Factortame Ltd sought, first, a preliminary injunction declaring that the offending part of the 1988 Act could not be applied to them on the grounds that such application would be contrary to directly effective rights under EU law, specifically the right not to be discriminated against on the grounds of nationality (article 7 of the Treaty of Rome), the right of individuals and companies to establish themselves in business anywhere in the EU (articles 43–48), and the right to participate in the capital of companies situated in another Member State (article 294). The claimants also demanded an order of prohibition preventing the Secretary of State from treating its registrations under the 1894 Act as having ceased.
HMG argued that the registration requirements were intended to ensure that fishing vessels flying the British flag had a genuine link with the UK. It maintained that international law entitled each State to determine the conditions under which a ship might fly its flag and that Community law had not removed that right. It was also contended that the 1988 Act was consistent with the Community policy on fisheries. In the event this assertion proved false.
On 10 March 1989 the Divisional Court (Neill LJ and Hodgson J) referred the matter to the European Court of Justice (ECJ) for a preliminary ruling under Article 234 of the Treaty of Rome (case C-221/89). It asked whether requirements as to nationality, domicile and control imposed by a Member State as conditions for the registration of fishing vessels were compatible with Community law (now: European Union law). At the same time, the Court granted an injunction against the application of the 1988 Act pending a ruling by the ECJ. Giving his judgment, Lord Justice Neill stated that although Community law is part of English law and prevails in the event of a conflict, it was open to argument whether a conflict existed in this case; a national court would have to take a decision which preserves the status quo ante. HMG disapproved and elevated the case to the Court of Appeal.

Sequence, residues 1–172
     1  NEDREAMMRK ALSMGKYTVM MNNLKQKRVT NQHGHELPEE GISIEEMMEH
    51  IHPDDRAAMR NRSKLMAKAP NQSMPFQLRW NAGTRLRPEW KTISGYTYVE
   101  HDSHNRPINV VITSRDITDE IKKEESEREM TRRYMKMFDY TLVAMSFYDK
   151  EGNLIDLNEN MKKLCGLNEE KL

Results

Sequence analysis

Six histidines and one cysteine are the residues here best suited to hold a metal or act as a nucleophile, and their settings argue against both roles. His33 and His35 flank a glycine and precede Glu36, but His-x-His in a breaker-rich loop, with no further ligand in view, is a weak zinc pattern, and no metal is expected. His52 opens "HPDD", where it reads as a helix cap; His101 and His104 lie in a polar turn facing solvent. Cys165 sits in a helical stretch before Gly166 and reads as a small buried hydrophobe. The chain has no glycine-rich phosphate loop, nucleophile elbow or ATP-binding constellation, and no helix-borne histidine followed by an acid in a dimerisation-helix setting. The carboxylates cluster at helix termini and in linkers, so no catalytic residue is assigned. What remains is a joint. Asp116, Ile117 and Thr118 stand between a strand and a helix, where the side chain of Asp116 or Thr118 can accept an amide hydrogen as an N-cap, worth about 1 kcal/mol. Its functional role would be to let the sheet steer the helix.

The Court of Appeal (Lord Donaldson MR, Bingham LJ and Mann LJ) reversed the Divisional Court's decision on 22 March 1989 on the basis that, although a national court was obliged to give effect to Community law, it was not obliged "to override national law in favour of what is no more than an alleged or putative Community right". Furthermore, it did not believe that the Divisional Court had "acknowledged the constitutional enormity, as the law stands, of requiring a Secretary of State to act contrary to the clearly expressed will of Parliament when the unlawfulness of that expression has yet to be established". The Divisional Court would not, according to the court, have jurisdiction to grant an injunction until Factortame had succeeded before the ECJ.
The case was brought on 18 May 1989 by Factortame before the House of Lords (Lord Bridge, Lord Brandon, Lord Oliver, Lord Goff and Lord Jauncey) who upheld the decision of the Court of Appeal on the grounds that English law did not contain any rule allowing a preliminary injunction against the application of an Act of Parliament. According to Lord Bridge, two obstacles stood in the way of the granting of the injunction. Firstly, the relief sought required the court to order positive action in the shape of the disapplication of the 1988 Act and the application of the 1894 Act; were Factortame not to succeed before the ECJ, the House of Lords would have "conferred upon them rights directly contrary to Parliament's sovereign will". Secondly, the court had no jurisdiction to grant an interim injunction against the Crown.
Nevertheless, Lord Bridge did accept that each of these obstacles was subject to any contrary Community law requirement. This required the House of Lords to determine whether, regardless of the position in national law, there existed an overriding principle of Community law imposing an obligation on a national court, faced with a seriously arguable claim to rights having direct effect under Community law, to grant interim relief. Lord Bridge concluded that as there was no clear authority on this question, a decision from the ECJ was necessary to enable the House of Lords to give judgment. The House was, in any event, obliged to request a preliminary ruling under Article 234 EC (now Article 267 TFEU post-Lisbon Treaty) which obliges courts "against whose decisions there is no judicial remedy under national law" to make a reference. This request for a preliminary ruling was in addition to that already made by the Divisional Court on the compatibility of the 1988 Act with Community law.